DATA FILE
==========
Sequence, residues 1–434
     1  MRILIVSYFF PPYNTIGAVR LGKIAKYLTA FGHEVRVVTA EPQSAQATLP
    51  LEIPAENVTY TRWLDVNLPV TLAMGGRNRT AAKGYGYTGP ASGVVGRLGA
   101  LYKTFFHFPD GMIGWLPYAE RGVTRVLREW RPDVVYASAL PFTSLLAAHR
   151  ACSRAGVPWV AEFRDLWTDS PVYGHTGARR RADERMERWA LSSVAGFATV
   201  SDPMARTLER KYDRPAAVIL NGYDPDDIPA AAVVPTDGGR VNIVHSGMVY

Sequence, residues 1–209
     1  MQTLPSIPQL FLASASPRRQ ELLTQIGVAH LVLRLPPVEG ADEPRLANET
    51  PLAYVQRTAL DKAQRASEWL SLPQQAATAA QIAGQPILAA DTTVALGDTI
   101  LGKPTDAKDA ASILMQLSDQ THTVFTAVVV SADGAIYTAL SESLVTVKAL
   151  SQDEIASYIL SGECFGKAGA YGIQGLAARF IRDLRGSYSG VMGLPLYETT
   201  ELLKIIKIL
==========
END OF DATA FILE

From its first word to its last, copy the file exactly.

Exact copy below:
Sequence, residues 1–434
     1  MRILIVSYFF PPYNTIGAVR LGKIAKYLTA FGHEVRVVTA EPQSAQATLP
    51  LEIPAENVTY TRWLDVNLPV TLAMGGRNRT AAKGYGYTGP ASGVVGRLGA
   101  LYKTFFHFPD GMIGWLPYAE RGVTRVLREW RPDVVYASAL PFTSLLAAHR
   151  ACSRAGVPWV AEFRDLWTDS PVYGHTGARR RADERMERWA LSSVAGFATV
   201  SDPMARTLER KYDRPAAVIL NGYDPDDIPA AAVVPTDGGR VNIVHSGMVY

Sequence, residues 1–209
     1  MQTLPSIPQL FLASASPRRQ ELLTQIGVAH LVLRLPPVEG ADEPRLANET
    51  PLAYVQRTAL DKAQRASEWL SLPQQAATAA QIAGQPILAA DTTVALGDTI
   101  LGKPTDAKDA ASILMQLSDQ THTVFTAVVV SADGAIYTAL SESLVTVKAL
   151  SQDEIASYIL SGECFGKAGA YGIQGLAARF IRDLRGSYSG VMGLPLYETT
   201  ELLKIIKIL